Chemistry Content Standards

Notes and Links

Properties of Matter How does the structure of matter affect the properties and uses of materials?

What is Matter?

Element Song

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Safety! Safety! Safety!

6.1 - Materials can be classified as pure substances or mixtures, depending on their chemical and physical properties.

Classifying Matter Chart

Classification of Matter

a) Mixtures are made of combinations of elements and/or compounds, and they can be separated by using a variety of physical means.

Mixtures

b) Pure substances can be either elements or compounds, and they cannot be broken down by physical means.

Mixture Activity Fun = Table of Condiments That Periodically Go Bad

Variables

Expected Performances

More Notes

C 1.  Describe the properties of common elements, such as oxygen, hydrogen, carbon, iron and aluminum.

Periodic Table Notes

Periodic Table

Dynamic Periodic Table

Chemistry

Molecules

Chemfiesta

Some Chemical Reactions

C 2.  Describe how the properties of simple compounds, such as water and table salt, are different from the properties of the elements of which they are made.

Atomic Structure Notes

Balancing Chemical Equations

Conservation of Mass

Conservation of Mass

C 3.  Explain how mixtures can be separated by using the properties of the substances from which they are made, such as particle size, density, solubility and boiling point.

Density

Kid Pages

Ionic Versus Covalent Bonding

Losers, Takers and Kings

Chem 101 Class Notes

Sample Questions

Chemistry Games

Chemistry Links for kids

Quizzes

Review

 

 

Grade Level Expectations:

  1. Describe the structure of the atom and its component parts.
  2. Explain that density (mass/volume) is a characteristic property that can be used to identify an element or substance.
  3. Compare and contrast the properties of a metal (aluminum, iron, etc.) with a nonmetal (oxygen, carbon, etc.)
  4. Illustrate the differences in the physical and chemical properties of a molecule and the individual atoms that bonded to form that molecule.
  5. Differentiate between a mixture and an element or compound and identify examples.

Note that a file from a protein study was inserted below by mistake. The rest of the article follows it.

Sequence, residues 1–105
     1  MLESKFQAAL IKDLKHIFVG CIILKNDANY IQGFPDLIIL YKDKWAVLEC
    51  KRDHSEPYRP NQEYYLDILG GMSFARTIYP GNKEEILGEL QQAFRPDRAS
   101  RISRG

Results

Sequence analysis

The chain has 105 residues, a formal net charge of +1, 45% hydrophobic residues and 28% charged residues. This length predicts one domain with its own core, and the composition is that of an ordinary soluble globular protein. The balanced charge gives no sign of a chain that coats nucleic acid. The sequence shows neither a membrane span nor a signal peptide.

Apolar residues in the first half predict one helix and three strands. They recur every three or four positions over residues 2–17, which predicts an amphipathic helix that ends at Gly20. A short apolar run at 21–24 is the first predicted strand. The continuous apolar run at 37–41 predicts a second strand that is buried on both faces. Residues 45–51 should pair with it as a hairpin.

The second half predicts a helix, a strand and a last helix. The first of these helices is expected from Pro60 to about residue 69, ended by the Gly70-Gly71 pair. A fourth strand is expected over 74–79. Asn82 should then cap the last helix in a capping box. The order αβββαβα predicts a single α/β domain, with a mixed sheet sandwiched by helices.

6. Conduct and report on an investigation that uses physical means such as particle size, density, solubility and magnetism to separate substances in a mixture.
  7. Use the patterns in the Periodic Table to locate metals, semimetals and nonmetals and to predict the general characteristics of an element.

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"You know the oxygen masks on airplanes? I don't think there's really any oxygen. I think they're just to muffle the screams." - Rita Rudner

 

Q: what do you call the leader of a Chemistry gang?
A: The nucleus

 

FROM THE MOUTHS OF SCIENCE STUDENTS:

"Nitrogen is not found in Ireland because it is not found in a free state."

"H2O is hot water, and CO2 is cold water."

"To collect fumes of sulphur, hold a deacon over a flame in a test tube."

"When you smell an odorless gas, it is probably carbon monoxide."

"Water is composed of two gins, Oxygin and Hydrogin. Oxygin is pure gin. Hydrogin is gin and water."

"A super saturated solution is one that holds more than it can hold."

These comments come from test papers and essays submitted to science and health teachers by elementary, junior high, high school, and college students and compiled at the NEA Life Sciences Symposium, Kansas City, Kansas. As the originator noted, "It is truly astonishing what weird science our young scholars can create under the pressures of time and grades." Please note that the original spelling has been left intact.

Protons have mass? I didn't even know they were Catholic.

Mr. Hand's 8th Grade Science Site